The competitive process for a downstate New York casino license is going to lead to vast redevelopments in the greater New York City metro. The three casinos will not only bring new buildings but redesign entire neighborhoods and transportation systems. Carrying out these plans will employ thousands and use a mountain of resources.
But building a casino is only half the battle. Regulators will consider several factors when selecting the winners of each license. Among those factors is the impact on local traffic. The 10 bids are far from equal when it comes to their walkability and public transportation access.
Ten New York casino bids spread across the city
Of the 10 bids already in contention, five operators want to build a Manhattan casino. Two operators are considering Queens, while one is eying the Coney Island neighborhood in Brooklyn, another on Long Island, and one in the Bronx.
The five operators and their respective partners eying Manhattan are:
- Manhattan Casino/Stefan Soloviev
- Caesars Time Square/SL Green/Caesars Entertainment
- Wynn Casino/Related Cos./Wynn Resorts
- Vornado Realty Trust
- Saks Casino
The two operators looking at Queens are:
- Resorts World Casino/Resorts World NYC
- Hard Rock Queens/NY Mets owner Steve Cohen and Hard Rock
Lastly, Thor Equities is the operator targeting Coney Island, Las Vegas Sands is focused on Long Island, and Empire City Casino is in the Bronx.
- Sands Casino/Las Vegas Sands
- Saratoga Casino/Thor Equities/Saratoga Casino Holdings/Chickasaw Nation/Legends
- Empire City Casino/Empire City VIT
Breaking down traffic impact
Of course, each location will come with its pros and cons. However, looking specifically at traffic and pedestrian data from Walk Score, some sites rank higher than others. Walk Score considers how walkable a location is, its accessibility to public transit and if it has bike infrastructure.
For instance, the potential Las Vegas Sands Casino at the Nassau Veterans Memorial Coliseum in Uniondale ranks at the bottom on Walk Score’s metrics.
Sands Casino – Long Island
- Walk Score – 27 (car-dependent)
- Transit Score – 0
- Bike Score – 62 (some bike infrastructure)
Las Vegas Sands is known to have lots of political clout, but convincing regulators that a casino so deep into New York might take a lot of work.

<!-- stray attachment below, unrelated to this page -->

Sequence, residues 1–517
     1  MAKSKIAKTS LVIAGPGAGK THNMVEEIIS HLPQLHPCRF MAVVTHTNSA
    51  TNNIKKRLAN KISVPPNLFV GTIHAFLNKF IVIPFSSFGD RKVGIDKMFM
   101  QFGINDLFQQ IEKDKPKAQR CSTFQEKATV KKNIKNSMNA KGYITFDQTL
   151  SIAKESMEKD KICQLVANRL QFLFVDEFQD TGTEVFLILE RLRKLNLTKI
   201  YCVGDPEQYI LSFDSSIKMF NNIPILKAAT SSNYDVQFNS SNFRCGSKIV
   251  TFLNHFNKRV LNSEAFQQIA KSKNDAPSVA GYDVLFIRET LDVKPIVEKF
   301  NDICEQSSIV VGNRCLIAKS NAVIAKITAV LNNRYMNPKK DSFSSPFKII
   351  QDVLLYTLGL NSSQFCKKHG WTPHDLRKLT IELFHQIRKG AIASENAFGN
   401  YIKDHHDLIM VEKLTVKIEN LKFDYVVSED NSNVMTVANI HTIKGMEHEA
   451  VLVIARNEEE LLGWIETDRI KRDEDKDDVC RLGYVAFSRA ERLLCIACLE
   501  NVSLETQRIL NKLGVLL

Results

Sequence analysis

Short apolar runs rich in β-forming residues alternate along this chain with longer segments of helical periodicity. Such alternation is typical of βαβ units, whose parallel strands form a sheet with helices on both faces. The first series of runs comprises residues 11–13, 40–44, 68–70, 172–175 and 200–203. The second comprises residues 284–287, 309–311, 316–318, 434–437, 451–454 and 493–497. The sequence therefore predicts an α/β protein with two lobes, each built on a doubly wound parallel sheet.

While the exact addresses of the potential Manhattan casinos are unknown, most are considering sites in relatively the same areas. For these operators, their Walk Scores are identical.
Manhattan casinos – Manhattan
- Walk Score – 99 (walkers paradise)
- Transit Score – 100 (rider’s paradise)
- Biker Score – 93 (biker’s paradise)
The challenge for operators eyeing Manhattan will be convincing regulators why their vision is better than the competitions.
The Thor Equities bid for Coney Island fairs well in some categories.
Coney Island Casino – Brooklyn
- Walk Score – 77 (very walkable)
- Transit Score – 83 (excellent public transit)
- Bike Score – 63 (somewhat bikeable)
Again, the operator will be placed in the same boat as Las Vegas Sands in convincing regulators why a casino at the bottom of New York is a good idea.
Cohen has big ideas for redeveloping the area surrounding Citi Field. According to Walk Score, the location checks all the boxes.
Citi Field casino – Queens
- Walk Score – 65 (somewhat walkable)
- Transit Score – 89 (excellent public transit)
- Bike Score – 50 (bikable)
Local lawmakers and Cohen’s competitors have already expressed their thoughts on why a casino won’t work in Queens.
Brett Herschenfeld, an executive vice president at SL Green who is partnering with LVS, said:
“No tourists are going to fly to New York to go to Queens. They’ll go to Las Vegas — there’s nothing unique about Queens.”
Resorts World already operates a Class II casino in New York; securing a license would catapult it to a Class III facility allowing it to offer NY sports betting and table games. Thus, Resorts World is one of two properties experts believe will secure one of the three casino licenses.
Resorts Work – Queens
- Walk Score – 88 (very walkable)
- Transit Score – 72 (excellent public transit)
- Bike Score – 53 (bikable)
Empire City Casino in Yonkers is the other Class II property also considered a lock.
Empire City Casino – Bronx
- Walk Score – 69 (somewhat walkable)
- Transit Score – 45 (some transit)
- Bike Score – 53 (bikable)
Casinos across the US are known to impact their respective neighborhoods in various ways. Casinos could bring economic value and tax dollars but can also cause traffic jams and flood areas with people. Ultimately, it will be up to New York regulators to decide which operator provides the best plan for the city.